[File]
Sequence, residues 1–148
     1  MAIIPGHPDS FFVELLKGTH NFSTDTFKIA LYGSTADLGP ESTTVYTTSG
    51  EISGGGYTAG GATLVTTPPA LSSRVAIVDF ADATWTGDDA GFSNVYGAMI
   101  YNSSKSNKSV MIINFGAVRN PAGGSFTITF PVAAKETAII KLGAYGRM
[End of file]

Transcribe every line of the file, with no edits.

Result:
Sequence, residues 1–148
     1  MAIIPGHPDS FFVELLKGTH NFSTDTFKIA LYGSTADLGP ESTTVYTTSG
    51  EISGGGYTAG GATLVTTPPA LSSRVAIVDF ADATWTGDDA GFSNVYGAMI
   101  YNSSKSNKSV MIINFGAVRN PAGGSFTITF PVAAKETAII KLGAYGRM